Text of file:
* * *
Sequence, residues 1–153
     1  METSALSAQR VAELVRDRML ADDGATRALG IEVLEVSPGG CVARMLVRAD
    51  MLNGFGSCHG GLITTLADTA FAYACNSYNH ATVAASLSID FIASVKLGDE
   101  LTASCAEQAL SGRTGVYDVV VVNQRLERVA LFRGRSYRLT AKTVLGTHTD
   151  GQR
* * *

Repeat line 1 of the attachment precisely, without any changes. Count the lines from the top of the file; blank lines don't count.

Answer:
Sequence, residues 1–153